In comparison, we have relatively more economic stability, relatively better controls on our pharmaceuticals, relatively better government oversight, and relatively better healthcare in general, with more access for more people—but we still have problems. Part of what's going on behind the resistance to vaccination here is a response to problems in all those areas: It's a response to corruption in pharmaceutical companies; a response to problems in the way our government regulates and oversees things that have an impact on our health; problems with unequal access to medical care.

The healthcare system is large and confusing. To what extent does anti-vaccination sentiment involve individuals trying to reckon with these enormous systems that are just so hard for us to comprehend?

I think there are many, many facets to this question, and I think that is one facet. In some cases, lack of information and lack of understanding is compounded by the fact that vaccination works quite differently from other medical interventions. Just because you understand something else, like how stitches or aspirin work, it doesn't mean you'll understand vaccination in great detail without having it explained to you.

One of the shortcomings of our medical system is that doctors have very little time with their patients. There isn't really the time for a doctor to sit down and carefully explain to you how the vaccines are working, what each of the different diseases are that your child is being vaccinated against, why those diseases are of concern, who they're of concern to, and basically the whole public health strategy or justification behind mass vaccination.

When it comes to anti-vaxxers, science communicators and journalists have usually responded with a tide of data—and plenty of derision. You’re unusual, in that you’re being empathetic, and trying to understand the sources of vaccination fear. Is that ever difficult? Where does that empathy come from?

Part of it comes from having inhabited that position. When I started working on this book, I did decline the first immunization on my child's childhood schedule for hep B. Even though I myself wasn't vaccinating, I had plans to vaccinate. At the same time, I had this idea that people who didn't vaccinate at all were ignorant and simply didn't have access to the information that would convince them to vaccinate.

The more I talked with other mothers—many of them incredibly well-educated, some of them scientists—the less I felt that to be true. That's part of why my book doesn't go really heavily in terms of information. In many ways, I'm not convinced that it's about information. I think in many cases the true reason for avoiding vaccination is not medical. It's social or historical or political in nature.

A lot of socially expressed fears reveal deeper anxieties. I’m thinking, for example, of the way that Ebola quickly became tied up with political campaigns and anti-immigration rhetoric.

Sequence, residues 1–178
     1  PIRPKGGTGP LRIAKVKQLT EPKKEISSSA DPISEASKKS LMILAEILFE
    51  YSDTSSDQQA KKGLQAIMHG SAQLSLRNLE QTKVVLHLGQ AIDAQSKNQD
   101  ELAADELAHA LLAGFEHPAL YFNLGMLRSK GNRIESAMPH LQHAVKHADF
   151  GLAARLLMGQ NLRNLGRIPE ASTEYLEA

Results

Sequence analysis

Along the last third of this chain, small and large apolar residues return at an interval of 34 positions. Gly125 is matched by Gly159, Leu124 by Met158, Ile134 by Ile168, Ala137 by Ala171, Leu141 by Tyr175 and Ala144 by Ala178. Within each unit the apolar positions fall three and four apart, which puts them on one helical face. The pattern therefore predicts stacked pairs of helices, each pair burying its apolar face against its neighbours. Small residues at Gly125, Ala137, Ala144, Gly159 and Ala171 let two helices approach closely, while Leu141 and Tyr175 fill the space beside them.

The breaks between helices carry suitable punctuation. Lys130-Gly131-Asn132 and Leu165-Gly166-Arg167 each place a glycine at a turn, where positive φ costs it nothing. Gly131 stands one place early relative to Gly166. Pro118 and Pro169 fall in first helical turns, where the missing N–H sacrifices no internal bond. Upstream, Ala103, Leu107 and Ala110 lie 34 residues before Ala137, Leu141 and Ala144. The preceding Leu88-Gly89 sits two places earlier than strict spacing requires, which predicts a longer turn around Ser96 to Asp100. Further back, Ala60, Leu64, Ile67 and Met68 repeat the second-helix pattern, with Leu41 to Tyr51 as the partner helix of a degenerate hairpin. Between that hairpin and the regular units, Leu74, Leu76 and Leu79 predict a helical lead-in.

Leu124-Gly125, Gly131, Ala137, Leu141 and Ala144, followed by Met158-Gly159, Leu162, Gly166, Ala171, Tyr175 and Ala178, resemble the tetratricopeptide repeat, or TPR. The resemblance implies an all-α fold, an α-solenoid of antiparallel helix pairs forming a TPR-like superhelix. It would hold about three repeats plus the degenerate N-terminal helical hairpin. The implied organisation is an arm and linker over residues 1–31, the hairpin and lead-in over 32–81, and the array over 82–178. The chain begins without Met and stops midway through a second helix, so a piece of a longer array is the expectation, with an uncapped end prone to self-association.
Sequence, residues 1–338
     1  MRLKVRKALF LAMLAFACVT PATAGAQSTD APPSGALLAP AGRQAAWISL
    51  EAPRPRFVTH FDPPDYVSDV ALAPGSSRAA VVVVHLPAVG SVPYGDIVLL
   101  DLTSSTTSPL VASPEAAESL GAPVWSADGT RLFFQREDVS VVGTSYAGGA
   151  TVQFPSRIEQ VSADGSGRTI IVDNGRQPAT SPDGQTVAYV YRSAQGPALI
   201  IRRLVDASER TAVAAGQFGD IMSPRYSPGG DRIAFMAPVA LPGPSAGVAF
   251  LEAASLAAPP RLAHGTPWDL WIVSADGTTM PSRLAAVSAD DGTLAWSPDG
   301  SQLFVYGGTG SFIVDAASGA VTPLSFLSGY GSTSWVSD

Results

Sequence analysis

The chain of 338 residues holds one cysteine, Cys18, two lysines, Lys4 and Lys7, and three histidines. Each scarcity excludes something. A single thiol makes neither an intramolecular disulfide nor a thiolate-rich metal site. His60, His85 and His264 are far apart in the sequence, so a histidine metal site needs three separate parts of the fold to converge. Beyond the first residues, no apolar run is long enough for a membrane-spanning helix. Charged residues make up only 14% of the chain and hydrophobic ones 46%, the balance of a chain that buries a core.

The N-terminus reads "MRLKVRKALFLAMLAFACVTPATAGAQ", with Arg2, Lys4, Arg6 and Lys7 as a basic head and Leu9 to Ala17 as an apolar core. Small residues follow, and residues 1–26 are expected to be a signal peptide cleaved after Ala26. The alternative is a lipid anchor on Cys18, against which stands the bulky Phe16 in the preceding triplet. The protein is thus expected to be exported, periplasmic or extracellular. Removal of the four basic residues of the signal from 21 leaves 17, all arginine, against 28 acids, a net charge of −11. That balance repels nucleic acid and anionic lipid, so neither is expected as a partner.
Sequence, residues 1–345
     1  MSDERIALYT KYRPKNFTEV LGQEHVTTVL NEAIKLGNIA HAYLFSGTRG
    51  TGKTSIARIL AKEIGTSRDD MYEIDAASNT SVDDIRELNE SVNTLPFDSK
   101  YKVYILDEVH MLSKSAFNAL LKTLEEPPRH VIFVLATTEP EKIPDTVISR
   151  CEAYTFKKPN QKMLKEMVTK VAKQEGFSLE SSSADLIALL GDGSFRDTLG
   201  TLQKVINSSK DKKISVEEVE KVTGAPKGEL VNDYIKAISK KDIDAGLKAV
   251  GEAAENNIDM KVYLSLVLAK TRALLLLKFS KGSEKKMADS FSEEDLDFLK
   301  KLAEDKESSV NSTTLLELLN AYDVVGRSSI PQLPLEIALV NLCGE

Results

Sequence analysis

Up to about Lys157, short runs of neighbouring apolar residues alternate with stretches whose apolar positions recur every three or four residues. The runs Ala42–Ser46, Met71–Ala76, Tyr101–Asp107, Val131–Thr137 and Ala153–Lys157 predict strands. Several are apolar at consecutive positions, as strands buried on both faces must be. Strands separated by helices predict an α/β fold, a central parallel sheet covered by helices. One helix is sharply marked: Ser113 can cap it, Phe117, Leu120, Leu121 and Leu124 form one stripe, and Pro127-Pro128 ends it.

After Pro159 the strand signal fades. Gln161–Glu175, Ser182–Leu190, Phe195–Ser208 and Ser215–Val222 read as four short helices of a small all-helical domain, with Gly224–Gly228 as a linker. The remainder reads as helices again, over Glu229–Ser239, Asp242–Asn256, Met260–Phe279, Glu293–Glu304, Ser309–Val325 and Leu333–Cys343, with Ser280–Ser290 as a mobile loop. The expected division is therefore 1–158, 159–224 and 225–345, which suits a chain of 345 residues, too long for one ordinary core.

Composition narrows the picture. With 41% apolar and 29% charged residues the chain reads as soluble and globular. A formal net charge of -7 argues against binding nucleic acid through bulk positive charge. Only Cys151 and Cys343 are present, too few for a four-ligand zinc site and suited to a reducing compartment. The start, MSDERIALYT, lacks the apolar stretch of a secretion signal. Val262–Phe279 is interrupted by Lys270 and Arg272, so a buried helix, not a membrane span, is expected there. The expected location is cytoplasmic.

I was very interested in the nurse in Maine who violated her quarantine [after returning from West Africa]. One of the points she kept making was that this is a politically motivated quarantine, this is not being imposed for medical reasons.

Suddenly people had what felt like a good excuse to act on racist impulses—maybe a sublimated desire to just keep “those people” out. Suddenly there seemed to be a good excuse to take that sublimated desire and act on it, and say, "Aha, finally! Finally we have a good reason to just keep black people out."

So do we need little armies of Eula Bisses walking around, helping to inoculate citizens against epidemics of fear? How should we respond to these sublimated desires when they come up?

I do think the shouting-at-each-other tactic is hugely unproductive, and you see that around vaccination. Whatever your posture, whatever your attitude or argument, I do think that the important thing is for people to call an action what it is. That's the nurse [quarantined in Maine] saying this is political, not medical. That's for the rest of us to say that we see racist assumptions at work about this.

Reading your book, I kept thinking of the novelist Marilynne Robinson, who told the New York Times Magazine in October that "Fear has, this moment, a respectability I've never seen in my life."

Yeah, I read that too.

What kind of anti-fear language does our society have right now? Obviously, there are cases when fear is justified. But do we have a way to criticize other people’s fears?

While I was writing this book, I was noticing all the places where we celebrate fear culturally. I was watching a movie where a man's daughter gets kidnapped in France [ed: “Taken”]. The whole rest of this movie is the hero running around blowing up buildings in France. In the pursuit of protecting this one person, his daughter, he kills many, many people. The movie is assuming that we're willing to suspend the moral laws that would make those actions crimes because fear for his daughter’s life justifies the whole thing.